Saturday, 21 June 2014

'The Engine Of Desire' by Cathy Lennon

If I’m honest, I knew it was my body that had attracted him. He’d nudged his friend and nodded in my direction, words coming out of the side of his mouth. Within minutes of sauntering across, the words had stopped and his hands were all over me.

‘I bet you can really go,’ he murmured. I said nothing, I was already glowing red - he was certainly upfront -  but I was as hooked as he was. ‘Fancy going out for a spin?’

We shot along country lanes, hedgerows flashing by, a low sun dazzling us. I could feel myself growing hotter and hotter. I knew he felt the same, his hands were tense on the wheel. We stopped at a country pub. Outside, pint in hand, he stared at me possessively. I couldn’t look away. I’m used to men. One day you’re the only thing on their minds, the next they’re onto something else. But I knew he was special. We were going to be special.

He introduced me to all his friends, one at a time. He always kept a hand on me, reassuring both of us. I remained impassive beneath their admiring stares. I knew he’d expect me to be faithful. I was confident it worked both ways. Funny, isn’t it? How we delude ourselves in those early days.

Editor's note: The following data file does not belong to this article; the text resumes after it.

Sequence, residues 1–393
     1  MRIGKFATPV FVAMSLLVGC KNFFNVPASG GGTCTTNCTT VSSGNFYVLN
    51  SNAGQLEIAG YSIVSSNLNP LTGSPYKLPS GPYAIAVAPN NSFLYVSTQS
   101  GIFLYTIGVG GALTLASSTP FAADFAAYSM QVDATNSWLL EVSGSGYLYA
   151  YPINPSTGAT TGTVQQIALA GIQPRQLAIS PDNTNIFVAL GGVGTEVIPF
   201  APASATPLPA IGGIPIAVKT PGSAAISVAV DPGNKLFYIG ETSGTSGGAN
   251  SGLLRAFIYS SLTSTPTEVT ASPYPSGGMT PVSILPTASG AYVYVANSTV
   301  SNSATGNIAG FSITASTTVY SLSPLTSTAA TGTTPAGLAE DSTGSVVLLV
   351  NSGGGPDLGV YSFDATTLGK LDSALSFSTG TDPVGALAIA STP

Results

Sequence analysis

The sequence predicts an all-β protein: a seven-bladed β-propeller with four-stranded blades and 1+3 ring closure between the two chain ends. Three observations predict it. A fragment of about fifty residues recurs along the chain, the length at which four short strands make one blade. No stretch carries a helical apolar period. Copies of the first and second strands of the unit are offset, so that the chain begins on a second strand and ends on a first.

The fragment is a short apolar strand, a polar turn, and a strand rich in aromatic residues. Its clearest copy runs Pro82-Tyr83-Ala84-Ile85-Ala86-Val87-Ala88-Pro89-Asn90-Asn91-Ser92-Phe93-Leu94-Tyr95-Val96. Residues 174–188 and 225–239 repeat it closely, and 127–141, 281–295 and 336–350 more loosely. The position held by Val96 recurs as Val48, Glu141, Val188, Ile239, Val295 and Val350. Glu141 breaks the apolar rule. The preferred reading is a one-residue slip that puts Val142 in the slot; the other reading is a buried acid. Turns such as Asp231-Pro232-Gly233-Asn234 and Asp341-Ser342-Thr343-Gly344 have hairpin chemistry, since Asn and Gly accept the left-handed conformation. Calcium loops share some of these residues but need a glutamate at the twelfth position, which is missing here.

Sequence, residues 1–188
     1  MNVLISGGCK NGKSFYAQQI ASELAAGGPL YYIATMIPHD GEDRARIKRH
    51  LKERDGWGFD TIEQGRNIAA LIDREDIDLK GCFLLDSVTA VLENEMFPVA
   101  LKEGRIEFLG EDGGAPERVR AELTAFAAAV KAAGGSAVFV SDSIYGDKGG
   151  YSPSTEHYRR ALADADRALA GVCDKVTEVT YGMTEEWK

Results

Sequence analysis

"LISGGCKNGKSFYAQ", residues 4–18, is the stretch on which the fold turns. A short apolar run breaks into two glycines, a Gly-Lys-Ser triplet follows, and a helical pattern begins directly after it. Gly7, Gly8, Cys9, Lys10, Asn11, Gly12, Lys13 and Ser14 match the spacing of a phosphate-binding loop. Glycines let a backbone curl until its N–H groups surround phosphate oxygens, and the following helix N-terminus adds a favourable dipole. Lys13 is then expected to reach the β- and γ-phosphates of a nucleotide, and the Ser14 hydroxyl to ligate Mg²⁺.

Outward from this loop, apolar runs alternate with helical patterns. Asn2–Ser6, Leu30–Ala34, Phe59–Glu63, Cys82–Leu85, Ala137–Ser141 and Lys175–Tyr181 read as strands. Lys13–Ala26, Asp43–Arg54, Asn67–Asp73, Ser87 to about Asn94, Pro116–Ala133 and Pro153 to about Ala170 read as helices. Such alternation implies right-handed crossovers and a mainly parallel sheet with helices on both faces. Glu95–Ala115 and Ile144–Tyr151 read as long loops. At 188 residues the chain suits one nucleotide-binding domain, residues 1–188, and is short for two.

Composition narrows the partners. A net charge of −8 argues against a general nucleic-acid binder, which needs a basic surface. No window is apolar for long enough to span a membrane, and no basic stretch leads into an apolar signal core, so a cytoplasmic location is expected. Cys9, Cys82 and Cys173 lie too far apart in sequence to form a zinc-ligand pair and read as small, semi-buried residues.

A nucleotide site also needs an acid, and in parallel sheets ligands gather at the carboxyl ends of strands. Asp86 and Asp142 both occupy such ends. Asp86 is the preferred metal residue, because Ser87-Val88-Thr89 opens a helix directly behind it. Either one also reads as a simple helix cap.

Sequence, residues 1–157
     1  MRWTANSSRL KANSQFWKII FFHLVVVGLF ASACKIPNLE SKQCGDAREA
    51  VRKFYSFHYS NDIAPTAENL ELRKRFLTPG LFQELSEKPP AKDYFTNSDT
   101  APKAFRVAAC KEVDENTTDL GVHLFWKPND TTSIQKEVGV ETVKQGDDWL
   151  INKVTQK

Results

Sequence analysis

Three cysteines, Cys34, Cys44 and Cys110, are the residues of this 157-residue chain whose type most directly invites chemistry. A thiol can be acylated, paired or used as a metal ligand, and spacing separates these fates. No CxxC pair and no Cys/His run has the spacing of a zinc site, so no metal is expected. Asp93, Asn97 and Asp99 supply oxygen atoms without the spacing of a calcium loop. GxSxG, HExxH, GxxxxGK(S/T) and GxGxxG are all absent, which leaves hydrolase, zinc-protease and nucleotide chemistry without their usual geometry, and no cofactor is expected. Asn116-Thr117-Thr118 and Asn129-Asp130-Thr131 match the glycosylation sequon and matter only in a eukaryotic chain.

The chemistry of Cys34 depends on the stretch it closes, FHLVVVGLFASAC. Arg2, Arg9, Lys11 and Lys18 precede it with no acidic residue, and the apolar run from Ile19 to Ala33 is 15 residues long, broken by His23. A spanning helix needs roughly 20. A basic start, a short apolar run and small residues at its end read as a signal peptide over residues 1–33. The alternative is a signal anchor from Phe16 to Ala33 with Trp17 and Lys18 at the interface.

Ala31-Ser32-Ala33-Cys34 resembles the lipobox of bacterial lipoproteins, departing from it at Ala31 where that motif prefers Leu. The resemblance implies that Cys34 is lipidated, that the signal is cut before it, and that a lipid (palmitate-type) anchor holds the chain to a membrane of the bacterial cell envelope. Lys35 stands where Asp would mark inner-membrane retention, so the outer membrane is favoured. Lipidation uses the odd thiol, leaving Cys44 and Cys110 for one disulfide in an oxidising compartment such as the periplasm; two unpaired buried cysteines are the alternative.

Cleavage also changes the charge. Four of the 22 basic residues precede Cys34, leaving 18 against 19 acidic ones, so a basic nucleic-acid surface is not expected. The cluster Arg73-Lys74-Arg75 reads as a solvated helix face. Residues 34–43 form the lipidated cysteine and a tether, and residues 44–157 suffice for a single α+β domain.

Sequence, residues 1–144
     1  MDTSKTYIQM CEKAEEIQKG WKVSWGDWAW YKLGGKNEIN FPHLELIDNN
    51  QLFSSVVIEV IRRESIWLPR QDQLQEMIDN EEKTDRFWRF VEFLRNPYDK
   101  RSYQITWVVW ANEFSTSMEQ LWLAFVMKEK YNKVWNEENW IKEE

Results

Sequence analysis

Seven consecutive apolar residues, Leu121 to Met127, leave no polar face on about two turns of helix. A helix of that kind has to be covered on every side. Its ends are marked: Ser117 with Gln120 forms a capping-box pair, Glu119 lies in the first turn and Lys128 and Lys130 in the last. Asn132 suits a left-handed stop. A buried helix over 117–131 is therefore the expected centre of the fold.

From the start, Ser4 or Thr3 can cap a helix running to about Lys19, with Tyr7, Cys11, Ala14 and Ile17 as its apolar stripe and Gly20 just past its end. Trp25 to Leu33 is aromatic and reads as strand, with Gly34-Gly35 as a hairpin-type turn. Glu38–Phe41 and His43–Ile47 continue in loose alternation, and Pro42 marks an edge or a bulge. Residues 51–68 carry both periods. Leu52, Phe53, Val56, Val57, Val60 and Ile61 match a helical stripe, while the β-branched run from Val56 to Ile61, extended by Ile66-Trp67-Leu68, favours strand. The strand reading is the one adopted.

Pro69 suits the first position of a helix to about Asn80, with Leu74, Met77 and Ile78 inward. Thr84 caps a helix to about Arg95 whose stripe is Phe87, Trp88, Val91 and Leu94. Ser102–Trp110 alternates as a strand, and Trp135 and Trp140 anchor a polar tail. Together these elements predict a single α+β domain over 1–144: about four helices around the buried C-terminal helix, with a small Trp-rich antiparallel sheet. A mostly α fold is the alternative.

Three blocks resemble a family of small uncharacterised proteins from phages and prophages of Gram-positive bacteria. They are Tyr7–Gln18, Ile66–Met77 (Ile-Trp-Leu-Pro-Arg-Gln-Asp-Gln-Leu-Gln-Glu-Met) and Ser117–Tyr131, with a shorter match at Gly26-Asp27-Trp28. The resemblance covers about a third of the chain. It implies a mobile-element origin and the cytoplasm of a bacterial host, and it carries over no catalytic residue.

You can probably guess the rest (as the song goes). I don’t want to be indelicate but the physical side fairly purred along. It was exhilarating, overpowering even. But then he started making excuses. Whole weeks would go by and I didn’t see him. When we did go out together, he seemed preoccupied. He didn’t appreciate my charms like he used to.

One night he said goodbye to me on the street. I watched him walk away beneath the lamp posts. He didn’t look back so he never knew that I saw him, getting into a people carrier. There were car seats in the back and one of those stupid ‘princess on board’ stickers on the rear window.

I won’t deny it hurt. For days afterwards I felt too bad to move. I didn’t go out at all. Then one day I realized I felt dirty, outside as well as in. So I decided it was time for a fresh start. There was a queue of people in front of me, but eventually my turn came. I exulted in the rhythmic fat caterpillar swirl of the brushes as warm, foamy water sluiced me clean. I felt reborn, reinvigorated, raring to go.

‘Excuse me,’ came a voice beside me. The man from the garage had pressed the emergency stop. He stood gawping at me, his deep blue eyes fascinated by the water dripping from my body. ‘Are you alright?’

Deep inside I felt the kick of ignition.

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